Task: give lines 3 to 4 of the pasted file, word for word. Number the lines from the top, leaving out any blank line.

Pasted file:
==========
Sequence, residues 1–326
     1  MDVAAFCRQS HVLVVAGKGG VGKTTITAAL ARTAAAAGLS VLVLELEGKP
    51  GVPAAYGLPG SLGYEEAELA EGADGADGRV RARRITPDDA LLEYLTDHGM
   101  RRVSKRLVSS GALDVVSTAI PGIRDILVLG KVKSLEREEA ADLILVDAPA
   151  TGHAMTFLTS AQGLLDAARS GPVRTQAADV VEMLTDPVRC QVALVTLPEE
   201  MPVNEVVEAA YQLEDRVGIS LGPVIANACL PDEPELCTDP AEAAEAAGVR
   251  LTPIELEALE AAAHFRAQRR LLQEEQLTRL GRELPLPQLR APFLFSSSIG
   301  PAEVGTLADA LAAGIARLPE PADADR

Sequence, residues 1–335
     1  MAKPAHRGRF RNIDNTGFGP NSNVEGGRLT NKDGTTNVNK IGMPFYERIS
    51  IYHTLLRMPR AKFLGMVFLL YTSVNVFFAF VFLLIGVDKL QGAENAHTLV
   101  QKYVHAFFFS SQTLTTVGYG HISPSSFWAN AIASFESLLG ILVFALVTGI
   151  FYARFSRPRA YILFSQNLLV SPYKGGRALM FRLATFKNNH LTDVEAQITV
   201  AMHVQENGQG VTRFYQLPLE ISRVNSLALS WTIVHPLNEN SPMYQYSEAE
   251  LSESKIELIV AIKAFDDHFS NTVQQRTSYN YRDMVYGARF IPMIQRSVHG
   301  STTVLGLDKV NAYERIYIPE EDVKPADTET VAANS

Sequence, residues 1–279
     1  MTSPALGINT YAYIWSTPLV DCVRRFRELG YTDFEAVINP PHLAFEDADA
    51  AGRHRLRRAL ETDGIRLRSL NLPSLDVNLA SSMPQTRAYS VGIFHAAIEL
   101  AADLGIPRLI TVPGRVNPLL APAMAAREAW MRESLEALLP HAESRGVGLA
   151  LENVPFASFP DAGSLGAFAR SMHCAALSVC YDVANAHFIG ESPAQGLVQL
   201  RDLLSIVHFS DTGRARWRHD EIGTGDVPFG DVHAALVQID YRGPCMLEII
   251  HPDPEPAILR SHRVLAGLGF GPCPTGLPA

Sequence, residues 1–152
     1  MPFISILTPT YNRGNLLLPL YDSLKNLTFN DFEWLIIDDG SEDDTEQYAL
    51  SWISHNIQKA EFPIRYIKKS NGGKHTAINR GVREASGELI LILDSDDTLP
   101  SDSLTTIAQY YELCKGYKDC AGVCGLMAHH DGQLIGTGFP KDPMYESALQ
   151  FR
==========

    51  GVPAAYGLPG SLGYEEAELA EGADGADGRV RARRITPDDA LLEYLTDHGM
   101  RRVSKRLVSS GALDVVSTAI PGIRDILVLG KVKSLEREEA ADLILVDAPA